Same thing with Apple, if you buy an “i” product you have to trust Apple, because they will do very opinionated choices. And most of the choices will be in favor of the consumer, because otherwise they will betray the trust and that’s something they cannot afford, as best friends can become worst enemies very fast.

    Now what is the Google philosophy?
    Google has this for developers by developers mentality.
    Android is not build for the end users, it is build for mobile phone manufactures.
    (Or hardware manufactures in general)

    The manufactures may use Android as they want. So the fragmentation is a nice puzzle for Google, but enormous problem for the end user. As every innovation Google brings in, goes directly past end users, because they cannot update there phones.

    The open platform becomes a pretty close product. And as third party developer you are confronted with OS fragmentation and the fact that you have to build up you app legacy conform with progressive content or some other techniques.

    Why this problem doesn’t bother Google that much?
    Well there are certainly many answers to this question. I think that the main answer is because Google is mostly interested in data. And data will flow indifferent if you are running Android 1, 2, 3, or 4.

  10. Then maybe Apple should do the following:

    – Make its system open source
    – Allow 3rd party companies to manufacture phones that run on iOS
    – Make development on iOS a lot more simpler
    – Accept that there will be designs that are not perfect from Apple’s geeks point of view

  11. LEKO says:

    This eternal debate…

    There is one thing many Apple fans don’t want to see or hear, is the way Apple fragment their praised platform. Apple deliberately remove/cripple or deactivate features from their devices. So yes, in the about screen you can read iOS 5, but in fact, many features are missing if you do not have their latest hardware. It’s marketing, the users thinks they have the latest software, when in fact, they just get part of it. The best example of this is WiFi tethering. An iPhone 3GS can do it, but Apple don’t want their users to do it.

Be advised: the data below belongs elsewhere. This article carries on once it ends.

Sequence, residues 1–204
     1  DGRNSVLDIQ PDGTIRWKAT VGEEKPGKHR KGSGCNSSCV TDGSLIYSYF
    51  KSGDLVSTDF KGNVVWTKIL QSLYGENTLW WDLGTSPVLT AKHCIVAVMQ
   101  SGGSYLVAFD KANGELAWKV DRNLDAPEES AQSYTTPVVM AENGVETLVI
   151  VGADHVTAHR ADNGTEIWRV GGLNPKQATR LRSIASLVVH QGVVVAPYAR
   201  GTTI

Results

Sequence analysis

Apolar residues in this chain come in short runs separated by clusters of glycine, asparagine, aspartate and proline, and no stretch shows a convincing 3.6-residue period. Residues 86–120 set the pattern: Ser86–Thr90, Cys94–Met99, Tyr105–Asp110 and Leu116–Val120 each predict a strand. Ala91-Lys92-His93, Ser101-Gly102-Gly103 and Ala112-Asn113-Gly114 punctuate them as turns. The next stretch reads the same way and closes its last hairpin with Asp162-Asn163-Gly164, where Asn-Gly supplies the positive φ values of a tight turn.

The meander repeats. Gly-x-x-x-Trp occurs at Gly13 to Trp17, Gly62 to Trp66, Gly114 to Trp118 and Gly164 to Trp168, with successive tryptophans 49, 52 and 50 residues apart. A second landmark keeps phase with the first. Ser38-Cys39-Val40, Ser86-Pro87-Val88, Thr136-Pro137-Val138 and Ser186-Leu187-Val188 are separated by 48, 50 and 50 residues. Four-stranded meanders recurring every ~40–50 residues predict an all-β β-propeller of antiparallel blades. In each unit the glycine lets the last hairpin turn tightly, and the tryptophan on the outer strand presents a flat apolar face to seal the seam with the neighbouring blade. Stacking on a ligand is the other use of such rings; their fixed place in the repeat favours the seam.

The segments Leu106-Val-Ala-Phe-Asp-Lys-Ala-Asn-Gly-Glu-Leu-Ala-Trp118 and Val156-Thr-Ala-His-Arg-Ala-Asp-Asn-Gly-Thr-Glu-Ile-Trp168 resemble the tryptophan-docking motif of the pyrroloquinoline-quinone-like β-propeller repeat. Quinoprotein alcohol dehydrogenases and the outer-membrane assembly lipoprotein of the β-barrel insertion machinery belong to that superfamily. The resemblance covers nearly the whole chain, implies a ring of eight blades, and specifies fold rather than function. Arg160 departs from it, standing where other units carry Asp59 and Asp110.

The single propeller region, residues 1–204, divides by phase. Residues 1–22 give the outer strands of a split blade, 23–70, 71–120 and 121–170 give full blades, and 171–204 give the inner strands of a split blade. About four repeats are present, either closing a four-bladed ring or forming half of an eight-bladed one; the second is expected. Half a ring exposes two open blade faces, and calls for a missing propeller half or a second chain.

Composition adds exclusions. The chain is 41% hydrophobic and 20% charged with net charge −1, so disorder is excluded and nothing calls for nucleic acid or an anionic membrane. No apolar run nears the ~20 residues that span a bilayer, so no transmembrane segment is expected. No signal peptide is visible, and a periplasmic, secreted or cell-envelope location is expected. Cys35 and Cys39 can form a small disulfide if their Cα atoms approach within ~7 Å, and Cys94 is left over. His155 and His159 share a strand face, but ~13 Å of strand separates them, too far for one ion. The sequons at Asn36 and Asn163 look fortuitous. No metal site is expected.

Another example: why Apple users can’t use certain features when in 3G/4G, like Facetime or HD video playback? As a user, if I want to do it while I’m not on WiFi, it’s my choice. I pay for the data plan, not Apple.

    Now, back to software fragmentation… Why does some (a lot) of people are so intense about it? Why in the world the mobile world should be different than the connected/desktop world? Applications developers always developed and adapted for many platform and many platform version. Apple, Linux and Windows on the desktop have different software versions and a ton of different hardware configurations. Developers are dealing with it without crying. They develop, that’s it!

    And from the users point of view: they use! Users are using! And serious developers are making sure their apps will work for their users no matter the platform. Have you ever used 1st class Android applications? They are gorgeous and intuitive with very nice UI, not iOS copy or ports. These developers knows if they offer a very good Android experience, users will keep using their apps, the same stands for Apple iOS.

    By the way, when you install the Android SDK and want to create a new application, Google is kind enough to suggest you to use the API level of Android 2.2, which covers more than 90% of the active devices on the market, not that bad for a fragmented platform.

  12. Marvin Hoffmann says:

    On the one hand I agree. People want to have something special, and want to express their selfes in as many ways as possible, even if it is the different screen size of their phones.

    On the other hand I disagree. You can see, that the “success of Android” ist mostly the success of Samsung and its Galaxy series. They are very famous and the attract a lot of customers. But there is now difference between all the S3 or all the S2 customers, so “being unique” can’t be the decisive factor.

    I also disagree in terms of developer friendliness. Android programming is just a huge pain in the a* if you want to support as much phones as possible.

    And last but not least, I really don’t want my iPhone grow a lot bigger. It’s just the perfect size in my opinion. For me, it’s less about screen size, the the quality of the screen, and I think we all agree, that the retina display is just incredible!

  13. Lars Vogel says:

    @Mavin: If you have access to one, try using the S3 for a week and than try to return to the iPhone….